Honking for Health Care on University Avenue in Toronto.
On Monday I saw Ontario Health Coalition Director Natalie Mehra at a noon-hour rally on University Avenue. As far as rallies go it wasn’t a big one. About 50 people showed up to hold up signs urging motorists to honk for a new health accord. So many motorists did just that it became, at times, hard to hear each other speak.
Mobilizing people around the health accord is not the easiest sell. The health accord is a complex issue about planning, standards and funding. When you really strip it down, however, it’s really about the future of Medicare in this country.
I was recently asked by a gas station attendant about a button I was wearing with a red umbrella and the text “Canada Needs A New Health Accord.” With customers waiting behind me I had to explain in 30 seconds what it was about. That’s not so easy and made me think if I found this difficult, what about a 10-second sound bite?
March 31st we all were wondering if we just bit off more than we can chew.
Mehra has been circling the province in recent weeks working on five regional campaigns intended to pressure the government to back off on a plan to contract selected hospital services to private clinics. The campaigns are due to culminate this weekend in Windsor, London, Kitchener, Sudbury and Peterborough. Her enthusiasm has been infectious as she tells us of all the cards that have been collected to date.
Actress Shirley Douglas shares the stage with Tabby Johnson, Jackie Richardson and other performers from Holler 4 Health Care last night at the Trinity-St. Paul Centre in Toronto.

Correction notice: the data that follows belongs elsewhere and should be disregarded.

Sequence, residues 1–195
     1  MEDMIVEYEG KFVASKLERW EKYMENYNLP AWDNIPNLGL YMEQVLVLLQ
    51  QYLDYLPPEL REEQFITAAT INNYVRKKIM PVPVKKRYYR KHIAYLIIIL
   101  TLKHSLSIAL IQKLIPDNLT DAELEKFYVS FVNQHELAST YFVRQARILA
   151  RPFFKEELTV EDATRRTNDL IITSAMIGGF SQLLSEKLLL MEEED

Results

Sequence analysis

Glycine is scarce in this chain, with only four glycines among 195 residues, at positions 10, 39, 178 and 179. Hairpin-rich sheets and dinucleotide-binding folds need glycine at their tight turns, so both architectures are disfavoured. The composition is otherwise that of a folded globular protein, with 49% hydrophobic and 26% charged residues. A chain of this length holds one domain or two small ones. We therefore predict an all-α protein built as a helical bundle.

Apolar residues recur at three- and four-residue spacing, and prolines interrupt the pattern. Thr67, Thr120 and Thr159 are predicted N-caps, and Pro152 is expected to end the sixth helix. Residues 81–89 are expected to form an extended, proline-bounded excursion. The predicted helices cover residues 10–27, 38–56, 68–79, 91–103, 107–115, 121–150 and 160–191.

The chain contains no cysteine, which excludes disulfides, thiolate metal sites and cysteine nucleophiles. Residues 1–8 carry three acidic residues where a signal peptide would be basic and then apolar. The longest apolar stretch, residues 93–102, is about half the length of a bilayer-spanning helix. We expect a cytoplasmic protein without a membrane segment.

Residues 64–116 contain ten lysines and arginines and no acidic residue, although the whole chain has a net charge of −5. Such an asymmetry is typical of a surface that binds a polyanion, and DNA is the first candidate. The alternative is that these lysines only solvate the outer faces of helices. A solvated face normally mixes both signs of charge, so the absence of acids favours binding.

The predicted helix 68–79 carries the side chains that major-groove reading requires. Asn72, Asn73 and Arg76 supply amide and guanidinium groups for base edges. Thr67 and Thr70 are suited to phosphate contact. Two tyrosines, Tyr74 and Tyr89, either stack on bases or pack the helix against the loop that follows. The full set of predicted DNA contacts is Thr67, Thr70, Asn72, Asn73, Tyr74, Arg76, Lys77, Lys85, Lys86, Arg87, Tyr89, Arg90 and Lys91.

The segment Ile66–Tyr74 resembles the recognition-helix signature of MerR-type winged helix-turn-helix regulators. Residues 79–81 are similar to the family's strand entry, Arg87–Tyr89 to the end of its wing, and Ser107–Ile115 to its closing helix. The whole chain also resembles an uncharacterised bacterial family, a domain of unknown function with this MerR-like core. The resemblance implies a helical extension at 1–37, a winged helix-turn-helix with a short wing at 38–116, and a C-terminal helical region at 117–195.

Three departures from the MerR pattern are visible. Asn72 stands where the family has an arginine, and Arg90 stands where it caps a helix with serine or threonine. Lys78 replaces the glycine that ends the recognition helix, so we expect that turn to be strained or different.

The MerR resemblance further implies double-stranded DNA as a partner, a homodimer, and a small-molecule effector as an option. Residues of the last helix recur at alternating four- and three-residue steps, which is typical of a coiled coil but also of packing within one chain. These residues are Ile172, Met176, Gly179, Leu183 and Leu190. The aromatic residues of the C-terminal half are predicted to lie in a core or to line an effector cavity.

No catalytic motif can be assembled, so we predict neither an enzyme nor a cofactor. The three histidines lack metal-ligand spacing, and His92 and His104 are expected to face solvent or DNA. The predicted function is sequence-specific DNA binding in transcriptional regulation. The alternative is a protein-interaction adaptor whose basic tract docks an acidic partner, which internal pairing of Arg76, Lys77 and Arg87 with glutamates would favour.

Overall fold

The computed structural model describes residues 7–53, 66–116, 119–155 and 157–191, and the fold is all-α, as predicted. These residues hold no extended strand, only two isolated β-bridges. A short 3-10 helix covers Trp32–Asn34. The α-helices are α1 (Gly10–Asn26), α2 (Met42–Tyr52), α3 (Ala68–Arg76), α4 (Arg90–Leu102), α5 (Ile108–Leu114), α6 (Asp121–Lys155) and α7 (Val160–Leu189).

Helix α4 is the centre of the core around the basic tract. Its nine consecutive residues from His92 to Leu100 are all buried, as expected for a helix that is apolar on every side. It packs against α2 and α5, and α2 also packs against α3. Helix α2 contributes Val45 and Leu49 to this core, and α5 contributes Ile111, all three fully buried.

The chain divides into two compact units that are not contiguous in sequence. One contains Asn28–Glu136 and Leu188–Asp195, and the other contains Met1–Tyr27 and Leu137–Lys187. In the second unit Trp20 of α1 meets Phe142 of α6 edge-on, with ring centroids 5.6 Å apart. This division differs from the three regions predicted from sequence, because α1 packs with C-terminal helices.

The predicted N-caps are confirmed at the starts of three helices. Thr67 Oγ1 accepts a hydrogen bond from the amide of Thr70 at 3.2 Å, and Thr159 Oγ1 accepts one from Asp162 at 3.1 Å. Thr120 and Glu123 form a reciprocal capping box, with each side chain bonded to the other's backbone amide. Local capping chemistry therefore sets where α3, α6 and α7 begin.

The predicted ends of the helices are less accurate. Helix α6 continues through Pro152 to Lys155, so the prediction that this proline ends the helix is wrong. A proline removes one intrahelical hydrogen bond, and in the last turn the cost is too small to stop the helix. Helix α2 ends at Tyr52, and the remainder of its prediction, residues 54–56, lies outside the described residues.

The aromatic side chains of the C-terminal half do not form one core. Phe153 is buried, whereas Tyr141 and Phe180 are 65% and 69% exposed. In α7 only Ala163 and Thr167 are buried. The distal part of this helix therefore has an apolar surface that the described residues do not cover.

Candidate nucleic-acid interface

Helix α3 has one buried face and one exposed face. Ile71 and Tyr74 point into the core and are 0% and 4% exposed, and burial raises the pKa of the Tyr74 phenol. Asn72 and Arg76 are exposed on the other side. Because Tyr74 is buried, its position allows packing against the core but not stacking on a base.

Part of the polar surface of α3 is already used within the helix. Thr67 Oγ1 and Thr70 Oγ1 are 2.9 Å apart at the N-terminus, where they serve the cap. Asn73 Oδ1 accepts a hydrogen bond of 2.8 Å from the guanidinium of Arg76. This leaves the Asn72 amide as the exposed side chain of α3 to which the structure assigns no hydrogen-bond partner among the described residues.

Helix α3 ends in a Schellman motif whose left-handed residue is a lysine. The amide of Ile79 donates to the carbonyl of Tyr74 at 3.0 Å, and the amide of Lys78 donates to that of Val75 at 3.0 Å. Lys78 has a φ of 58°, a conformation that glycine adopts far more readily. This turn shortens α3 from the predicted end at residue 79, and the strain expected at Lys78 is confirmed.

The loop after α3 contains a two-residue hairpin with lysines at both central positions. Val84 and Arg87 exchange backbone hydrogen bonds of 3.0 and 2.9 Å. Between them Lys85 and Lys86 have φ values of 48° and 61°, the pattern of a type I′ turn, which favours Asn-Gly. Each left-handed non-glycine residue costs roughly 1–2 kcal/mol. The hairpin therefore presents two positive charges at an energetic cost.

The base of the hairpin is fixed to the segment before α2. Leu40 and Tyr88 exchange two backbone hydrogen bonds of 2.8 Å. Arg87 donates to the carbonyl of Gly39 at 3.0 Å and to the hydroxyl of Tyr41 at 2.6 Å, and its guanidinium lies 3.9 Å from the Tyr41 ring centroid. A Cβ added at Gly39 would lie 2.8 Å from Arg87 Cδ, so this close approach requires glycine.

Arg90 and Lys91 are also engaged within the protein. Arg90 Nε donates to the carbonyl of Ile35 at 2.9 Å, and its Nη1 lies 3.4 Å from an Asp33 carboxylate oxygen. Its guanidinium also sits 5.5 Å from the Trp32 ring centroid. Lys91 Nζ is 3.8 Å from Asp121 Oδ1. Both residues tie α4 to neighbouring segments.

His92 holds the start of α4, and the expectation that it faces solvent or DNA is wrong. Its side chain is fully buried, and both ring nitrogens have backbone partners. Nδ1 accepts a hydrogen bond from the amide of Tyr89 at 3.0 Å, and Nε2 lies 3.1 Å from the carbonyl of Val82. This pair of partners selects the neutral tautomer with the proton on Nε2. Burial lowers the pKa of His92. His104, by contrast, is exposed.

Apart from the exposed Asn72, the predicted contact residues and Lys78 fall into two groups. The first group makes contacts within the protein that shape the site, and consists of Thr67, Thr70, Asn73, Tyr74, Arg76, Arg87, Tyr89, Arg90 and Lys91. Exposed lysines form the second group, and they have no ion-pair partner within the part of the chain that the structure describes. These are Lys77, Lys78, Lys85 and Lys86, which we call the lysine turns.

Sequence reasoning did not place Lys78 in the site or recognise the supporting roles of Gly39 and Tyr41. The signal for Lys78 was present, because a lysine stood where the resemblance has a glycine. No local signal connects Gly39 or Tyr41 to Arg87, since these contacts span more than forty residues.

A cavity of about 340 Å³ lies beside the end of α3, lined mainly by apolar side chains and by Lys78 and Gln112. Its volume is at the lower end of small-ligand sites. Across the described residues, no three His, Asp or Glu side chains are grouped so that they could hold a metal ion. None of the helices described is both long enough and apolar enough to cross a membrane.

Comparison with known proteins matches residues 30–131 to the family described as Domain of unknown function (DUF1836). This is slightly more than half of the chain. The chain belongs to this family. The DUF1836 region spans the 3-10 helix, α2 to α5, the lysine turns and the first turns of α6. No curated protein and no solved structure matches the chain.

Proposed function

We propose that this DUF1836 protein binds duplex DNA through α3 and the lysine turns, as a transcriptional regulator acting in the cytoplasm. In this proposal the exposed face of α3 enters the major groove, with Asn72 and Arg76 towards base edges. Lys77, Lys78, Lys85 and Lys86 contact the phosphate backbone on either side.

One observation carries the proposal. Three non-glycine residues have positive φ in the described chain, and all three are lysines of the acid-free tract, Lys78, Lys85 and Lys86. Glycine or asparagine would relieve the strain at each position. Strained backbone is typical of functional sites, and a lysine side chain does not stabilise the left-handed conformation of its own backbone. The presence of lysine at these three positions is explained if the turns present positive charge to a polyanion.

There’s got to be a morning after.
Yesterday more than 40 communities across Canada marked the end of the 10-year health accord between the provinces and the federal government.
Listening to actress Shirley Douglas speak last night at one of those events in Toronto, its clear many Canadians believe there is much more at stake than a framework agreement that trades health care objectives for cash.
Before the rally began last night, the daughter of Medicare founder Tommy Douglas told the Toronto Star that her father had warned of the slow strangulation of health care, telling her “if you don’t get up and fight for it, you are going to lose it.”
With her 80th birthday just a couple of days away, Douglas vowed to fight on for the next decade if necessary, pausing to add the caveat provided she’s still around.
Former Saskatchewan Premier Roy Romanow calls them tepid.
Finance Minister Jim Flaherty is saying no means no.
There is likely more frustration at Victoria’s Premiers’ meeting this week than among the coaching staff of the wilting Toronto Maple Leafs.
The Premiers first arrived after discovering the Federal government had unilaterally decided on what the funding side of the next health care accord would look like.
With a majority government in Ottawa, will Prime Minister Stephen Harper thumb his nose at provinces seeking a fresh deal that would transfer billions to sustain their cash-strapped health systems?
Provincial Health Ministers may be discussing strategies to avoid such a catastrophe when they meet in Halifax next month.